The Palm Beach County Commission decided Tuesday not to put any money now toward a proposal to create a reservoir to provide water for Palm Beach and Broward counties — but also not to pull out of the project altogether.
Although South Florida has endured severe droughts in recent years, utilities in Palm Beach and Broward counties have lent halfhearted, if any, support to a plan that some water officials say would cushion the area against shortages.
Palm Beach County Water Utilities Director Bevin Beaudet briefed commissioners on the status of the C-51 Reservoir Project, which he characterized as an important plan that faces significant logistical issues.
Beaudet said that the region sorely needs a new source of water, which is available, although the price appears to be high and the technology is yet to be fully proven. He explained that of Florida’s total rainfall, 61 percent is lost to evaporation, 38 percent is lost to tide, and only 1 percent goes to consumptive use.
The 38 percent that goes to tide is lost due to a lack of storage. “We get plenty of rain,” Beaudet said. “It comes in the rainy season. If we could store that water, we would have the answer to our water problems.”
He added that the water lost to tide through the C-51 Canal damages the ecology of the Lake Worth Lagoon. The C-51 Canal and the L-8 Canal have historically worked together to drain water during the wet season and draw water from Lake Okeechobee during the dry season, but drawing water from the lake has become problematic in recent years. Lake levels are at historic lows, and water quality in the lake has deteriorated.
Beaudet said that the area around 20-Mile Bend, where one reservoir exists, has impervious rock to about 60 feet below the ground, where an additional pit could be dug to store water.
“It gives an opportunity to provide some of that storage that we need,” he said.
In 2006, the South Florida Water Management District bought the existing rock pit that had been dug out in the area, now known as the L-8 Reservoir. “That’s a 50,000-acre-foot reservoir,” Beaudet said. “That’s a huge reservoir.”
It was part of the Comprehensive Everglades Restoration Plan (CERP) to provide water to North County, primarily for the restoration of the Loxahatchee River and charge wells owned by the Seacoast Utility Authority. Beaudet said some people have asserted that the reservoir is a failure, but that is only because it was never completed.
“First of all, there’s still no pumps to pump the water out of the pit and move it to where it needs to be,” he said. “Secondly, there’s no flow ways.”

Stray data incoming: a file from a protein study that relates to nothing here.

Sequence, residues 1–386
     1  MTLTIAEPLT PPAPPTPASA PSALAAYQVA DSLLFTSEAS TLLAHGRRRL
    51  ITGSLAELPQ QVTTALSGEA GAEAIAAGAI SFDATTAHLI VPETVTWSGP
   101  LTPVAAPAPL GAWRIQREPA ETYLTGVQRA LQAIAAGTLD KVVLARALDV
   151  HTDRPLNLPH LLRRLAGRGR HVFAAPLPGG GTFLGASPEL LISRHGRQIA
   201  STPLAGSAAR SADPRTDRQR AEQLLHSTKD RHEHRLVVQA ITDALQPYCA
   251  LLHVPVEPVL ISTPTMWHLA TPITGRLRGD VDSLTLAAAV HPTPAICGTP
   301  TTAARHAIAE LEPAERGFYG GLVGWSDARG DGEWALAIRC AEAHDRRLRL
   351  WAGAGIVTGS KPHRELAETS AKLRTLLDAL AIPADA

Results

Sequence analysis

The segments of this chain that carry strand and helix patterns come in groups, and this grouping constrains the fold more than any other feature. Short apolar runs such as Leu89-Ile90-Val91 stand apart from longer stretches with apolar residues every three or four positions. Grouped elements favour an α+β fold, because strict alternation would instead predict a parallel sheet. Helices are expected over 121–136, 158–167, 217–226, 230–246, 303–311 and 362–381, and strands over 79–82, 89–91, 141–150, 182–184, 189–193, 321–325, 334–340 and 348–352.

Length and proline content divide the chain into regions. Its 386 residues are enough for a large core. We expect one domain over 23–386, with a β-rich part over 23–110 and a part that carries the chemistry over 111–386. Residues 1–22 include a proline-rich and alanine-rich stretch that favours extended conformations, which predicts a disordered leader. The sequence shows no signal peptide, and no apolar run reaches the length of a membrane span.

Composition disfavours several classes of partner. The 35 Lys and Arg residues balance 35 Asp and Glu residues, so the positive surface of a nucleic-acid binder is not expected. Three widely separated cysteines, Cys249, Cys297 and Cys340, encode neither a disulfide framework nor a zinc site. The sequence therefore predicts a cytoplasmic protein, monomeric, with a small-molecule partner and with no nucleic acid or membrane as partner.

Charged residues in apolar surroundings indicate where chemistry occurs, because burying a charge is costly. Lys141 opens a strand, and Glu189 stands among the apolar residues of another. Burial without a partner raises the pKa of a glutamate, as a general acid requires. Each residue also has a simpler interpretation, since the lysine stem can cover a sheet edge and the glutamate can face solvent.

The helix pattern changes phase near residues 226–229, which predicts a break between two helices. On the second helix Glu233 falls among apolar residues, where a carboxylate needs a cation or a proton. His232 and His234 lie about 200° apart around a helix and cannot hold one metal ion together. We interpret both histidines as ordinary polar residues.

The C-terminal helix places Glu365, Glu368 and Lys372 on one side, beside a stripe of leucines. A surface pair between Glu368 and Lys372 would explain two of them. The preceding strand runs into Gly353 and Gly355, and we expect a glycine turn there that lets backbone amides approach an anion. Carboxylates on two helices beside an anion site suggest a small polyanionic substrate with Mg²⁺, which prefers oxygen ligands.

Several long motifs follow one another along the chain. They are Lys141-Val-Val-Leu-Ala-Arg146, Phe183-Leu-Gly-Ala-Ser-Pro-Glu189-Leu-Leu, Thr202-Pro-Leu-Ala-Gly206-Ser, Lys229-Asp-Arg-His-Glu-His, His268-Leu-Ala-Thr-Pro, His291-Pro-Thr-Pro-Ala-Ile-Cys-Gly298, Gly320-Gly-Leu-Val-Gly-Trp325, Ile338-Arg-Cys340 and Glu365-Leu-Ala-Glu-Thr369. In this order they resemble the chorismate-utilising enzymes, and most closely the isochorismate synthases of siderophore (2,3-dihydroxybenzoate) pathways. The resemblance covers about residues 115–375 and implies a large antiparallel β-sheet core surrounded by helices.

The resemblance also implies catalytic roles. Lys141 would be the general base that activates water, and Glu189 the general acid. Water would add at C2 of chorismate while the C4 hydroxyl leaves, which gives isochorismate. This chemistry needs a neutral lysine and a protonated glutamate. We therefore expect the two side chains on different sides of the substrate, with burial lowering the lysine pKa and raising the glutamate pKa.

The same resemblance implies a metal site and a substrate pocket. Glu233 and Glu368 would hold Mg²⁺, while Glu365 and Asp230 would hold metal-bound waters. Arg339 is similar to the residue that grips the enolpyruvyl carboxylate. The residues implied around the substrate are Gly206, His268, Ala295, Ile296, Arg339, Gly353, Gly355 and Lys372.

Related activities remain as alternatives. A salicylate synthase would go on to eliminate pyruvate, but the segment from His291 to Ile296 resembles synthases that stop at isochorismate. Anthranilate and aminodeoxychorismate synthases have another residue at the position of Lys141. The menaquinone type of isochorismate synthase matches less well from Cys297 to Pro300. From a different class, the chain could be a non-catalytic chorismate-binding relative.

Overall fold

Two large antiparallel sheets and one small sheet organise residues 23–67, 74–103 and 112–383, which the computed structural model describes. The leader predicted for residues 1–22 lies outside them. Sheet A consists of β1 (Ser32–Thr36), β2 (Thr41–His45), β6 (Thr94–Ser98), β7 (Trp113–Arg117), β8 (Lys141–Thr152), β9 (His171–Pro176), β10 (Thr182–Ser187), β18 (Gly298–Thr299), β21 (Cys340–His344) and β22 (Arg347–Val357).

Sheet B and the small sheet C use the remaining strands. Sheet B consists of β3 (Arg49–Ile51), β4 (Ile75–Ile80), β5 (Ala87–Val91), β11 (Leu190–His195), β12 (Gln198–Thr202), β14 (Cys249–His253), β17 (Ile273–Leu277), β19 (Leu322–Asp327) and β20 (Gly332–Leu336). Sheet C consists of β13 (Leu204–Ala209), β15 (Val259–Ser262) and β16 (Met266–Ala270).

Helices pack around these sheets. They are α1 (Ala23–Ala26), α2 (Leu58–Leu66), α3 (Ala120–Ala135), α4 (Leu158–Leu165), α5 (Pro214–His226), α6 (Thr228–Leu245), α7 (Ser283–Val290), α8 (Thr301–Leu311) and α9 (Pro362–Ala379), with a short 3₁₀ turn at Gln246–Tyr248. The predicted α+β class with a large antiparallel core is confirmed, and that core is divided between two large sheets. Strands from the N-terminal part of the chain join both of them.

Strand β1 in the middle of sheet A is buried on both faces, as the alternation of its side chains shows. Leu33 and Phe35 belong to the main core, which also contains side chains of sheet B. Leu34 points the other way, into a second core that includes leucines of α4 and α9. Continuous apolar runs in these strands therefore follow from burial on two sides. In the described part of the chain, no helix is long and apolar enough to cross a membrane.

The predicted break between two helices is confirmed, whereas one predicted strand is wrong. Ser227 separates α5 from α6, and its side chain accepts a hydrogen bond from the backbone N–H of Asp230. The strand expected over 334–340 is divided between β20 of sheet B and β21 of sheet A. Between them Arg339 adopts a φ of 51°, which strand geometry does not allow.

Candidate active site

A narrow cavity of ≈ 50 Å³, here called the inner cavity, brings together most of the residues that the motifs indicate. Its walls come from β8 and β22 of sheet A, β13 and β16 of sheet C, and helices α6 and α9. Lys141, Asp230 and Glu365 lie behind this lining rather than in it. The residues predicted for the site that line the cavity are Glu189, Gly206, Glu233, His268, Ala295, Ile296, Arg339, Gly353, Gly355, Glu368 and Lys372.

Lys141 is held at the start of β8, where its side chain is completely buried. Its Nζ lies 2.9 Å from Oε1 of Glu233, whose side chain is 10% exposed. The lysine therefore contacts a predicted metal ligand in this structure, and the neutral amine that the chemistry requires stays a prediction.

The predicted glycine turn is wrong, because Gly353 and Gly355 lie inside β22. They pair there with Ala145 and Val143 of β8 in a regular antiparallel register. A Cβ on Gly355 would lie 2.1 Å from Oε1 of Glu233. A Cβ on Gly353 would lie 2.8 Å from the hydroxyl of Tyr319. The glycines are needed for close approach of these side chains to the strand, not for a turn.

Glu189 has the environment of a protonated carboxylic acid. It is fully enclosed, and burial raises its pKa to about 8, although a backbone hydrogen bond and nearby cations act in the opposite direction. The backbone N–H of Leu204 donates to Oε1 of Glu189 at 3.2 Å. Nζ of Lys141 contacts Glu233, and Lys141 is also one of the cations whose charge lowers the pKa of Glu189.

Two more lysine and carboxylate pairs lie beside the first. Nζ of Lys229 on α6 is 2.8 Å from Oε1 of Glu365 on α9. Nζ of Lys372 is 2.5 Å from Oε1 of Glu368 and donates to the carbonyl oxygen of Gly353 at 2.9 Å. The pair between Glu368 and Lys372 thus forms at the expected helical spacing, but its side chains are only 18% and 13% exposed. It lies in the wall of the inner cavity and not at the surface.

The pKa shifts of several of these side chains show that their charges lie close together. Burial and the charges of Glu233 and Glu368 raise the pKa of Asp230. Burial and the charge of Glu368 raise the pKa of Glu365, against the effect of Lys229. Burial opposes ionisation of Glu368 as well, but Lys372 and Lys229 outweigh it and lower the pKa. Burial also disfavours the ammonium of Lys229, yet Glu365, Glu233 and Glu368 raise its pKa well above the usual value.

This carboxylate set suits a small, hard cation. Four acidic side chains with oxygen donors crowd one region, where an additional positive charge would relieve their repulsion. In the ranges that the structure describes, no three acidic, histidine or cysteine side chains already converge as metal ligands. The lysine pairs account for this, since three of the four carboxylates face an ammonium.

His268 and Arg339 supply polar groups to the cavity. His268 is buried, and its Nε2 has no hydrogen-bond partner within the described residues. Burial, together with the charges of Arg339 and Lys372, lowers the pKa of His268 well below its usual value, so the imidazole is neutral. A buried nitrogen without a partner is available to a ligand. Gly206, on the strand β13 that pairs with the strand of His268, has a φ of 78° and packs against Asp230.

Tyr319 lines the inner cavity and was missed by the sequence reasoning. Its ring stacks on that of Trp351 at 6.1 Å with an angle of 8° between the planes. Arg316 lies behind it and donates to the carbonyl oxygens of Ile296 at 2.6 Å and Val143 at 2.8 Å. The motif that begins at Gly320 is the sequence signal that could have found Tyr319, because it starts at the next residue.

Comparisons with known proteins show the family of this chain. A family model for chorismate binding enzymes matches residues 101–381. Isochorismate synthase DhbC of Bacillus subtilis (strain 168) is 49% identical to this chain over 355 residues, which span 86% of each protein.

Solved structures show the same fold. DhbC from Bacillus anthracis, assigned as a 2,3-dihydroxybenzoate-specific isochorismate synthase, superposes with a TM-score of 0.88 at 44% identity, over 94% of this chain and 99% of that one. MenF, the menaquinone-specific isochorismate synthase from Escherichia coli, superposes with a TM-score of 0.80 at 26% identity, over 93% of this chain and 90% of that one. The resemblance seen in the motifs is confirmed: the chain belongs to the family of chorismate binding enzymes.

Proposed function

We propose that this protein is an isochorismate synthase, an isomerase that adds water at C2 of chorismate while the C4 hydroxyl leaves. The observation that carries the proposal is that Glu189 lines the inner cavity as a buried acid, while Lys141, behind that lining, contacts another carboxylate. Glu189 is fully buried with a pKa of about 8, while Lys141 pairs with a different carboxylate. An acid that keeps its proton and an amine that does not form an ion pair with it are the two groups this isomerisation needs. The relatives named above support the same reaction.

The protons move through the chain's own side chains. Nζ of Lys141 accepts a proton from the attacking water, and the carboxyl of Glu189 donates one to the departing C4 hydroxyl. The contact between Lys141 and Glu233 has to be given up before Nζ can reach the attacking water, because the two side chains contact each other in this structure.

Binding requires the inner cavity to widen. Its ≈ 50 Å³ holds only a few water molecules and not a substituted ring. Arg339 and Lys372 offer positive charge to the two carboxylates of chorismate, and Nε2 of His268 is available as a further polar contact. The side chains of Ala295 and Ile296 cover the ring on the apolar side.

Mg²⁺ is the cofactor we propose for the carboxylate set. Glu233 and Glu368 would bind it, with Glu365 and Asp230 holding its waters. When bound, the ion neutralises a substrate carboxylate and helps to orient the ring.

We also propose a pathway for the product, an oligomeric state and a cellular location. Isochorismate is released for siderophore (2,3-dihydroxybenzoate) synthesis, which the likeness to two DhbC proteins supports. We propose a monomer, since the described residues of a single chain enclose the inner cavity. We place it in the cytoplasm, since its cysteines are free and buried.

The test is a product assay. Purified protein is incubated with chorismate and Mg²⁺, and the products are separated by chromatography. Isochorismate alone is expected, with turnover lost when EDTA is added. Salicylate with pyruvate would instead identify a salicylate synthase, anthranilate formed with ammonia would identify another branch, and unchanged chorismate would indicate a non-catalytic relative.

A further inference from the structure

The main flow way that was designed to move water to the Loxahatchee River was never dug, Beaudet said, adding that the other flow way moves water to the Grassy Waters Preserve and the West Palm Beach Water Catchment Area, which cannot take a lot of water. “You’ve got this beautiful reservoir and no pumps or flow ways to move the water,” he said.
There also is an issue with a buildup of chlorides in the reservoir, most likely due to the inability to move water through it, Beaudet said.
The C-51 Project would be another pit adjacent to the L-8 Reservoir and would be built the same way — mined out, with the owners of the land selling the shell rock, and the pit later being converted to a reservoir.
The reservoir would be about 75,000 acre feet, 50 percent larger than the L-8 Reservoir, and water stored there would be used primarily for southern areas, extending into Broward.
“That water would need to be conveyed to the well fields in south Palm Beach County and farther south to Broward County,” Beaudet said. “That would be done through the Lake Worth Drainage District system of canals. They, for the most part, already exist.”
Issues that Beaudet and other participants in the project are trying to address include timing, water quality, project cost, participation and leadership, he said.
As for timing, not all the water utilities need the additional water as soon as others. “As far as Palm Beach County is concerned, we don’t need this additional water until 2023 or afterward,” Beaudet said.
The project could be hampered by numeric water quality standards being developed by the Environmental Protection Agency and the Florida Department of Environmental Protection that could put limitations on the quality of water allowed in canals, as well as Broward County’s ordinance requiring certain water quality standards in its canals.
The cost of the project is estimated at $755 million to $1 billion, which Beaudet said seems like a lot, but if 80 percent of the affected utilities participate, it would be less than half the cost of a reverse osmosis alternative, which will become necessary as existing wells become brackish if they are not charged with fresh water.
Another stumbling block is that of 53 utilities in Palm Beach and Broward counties, only nine have endorsed a memorandum of understanding that was sent out asking for their participation. “With that kind of participation, there is no way we can afford the project,” Beaudet said.
The Lake Worth Drainage District has been taking a lead role in trying to move the project along, but it has been unable to muster widespread support. The South Florida Water Management District has supported the project but has taken a hands-off approach so far, Beaudet said, adding that he thought the SFWMD is the only agency that can move the project forward.
Beaudet recommended that the SFWMD be encouraged to take a leadership role in the project and integrate it into its Lower East Coast Water Supply Plan currently under development.
As far as the county’s participation, Beaudet recommended that the county keep an eye on the plan but not spend anything on it right now. The commissioners agreed with that course of action.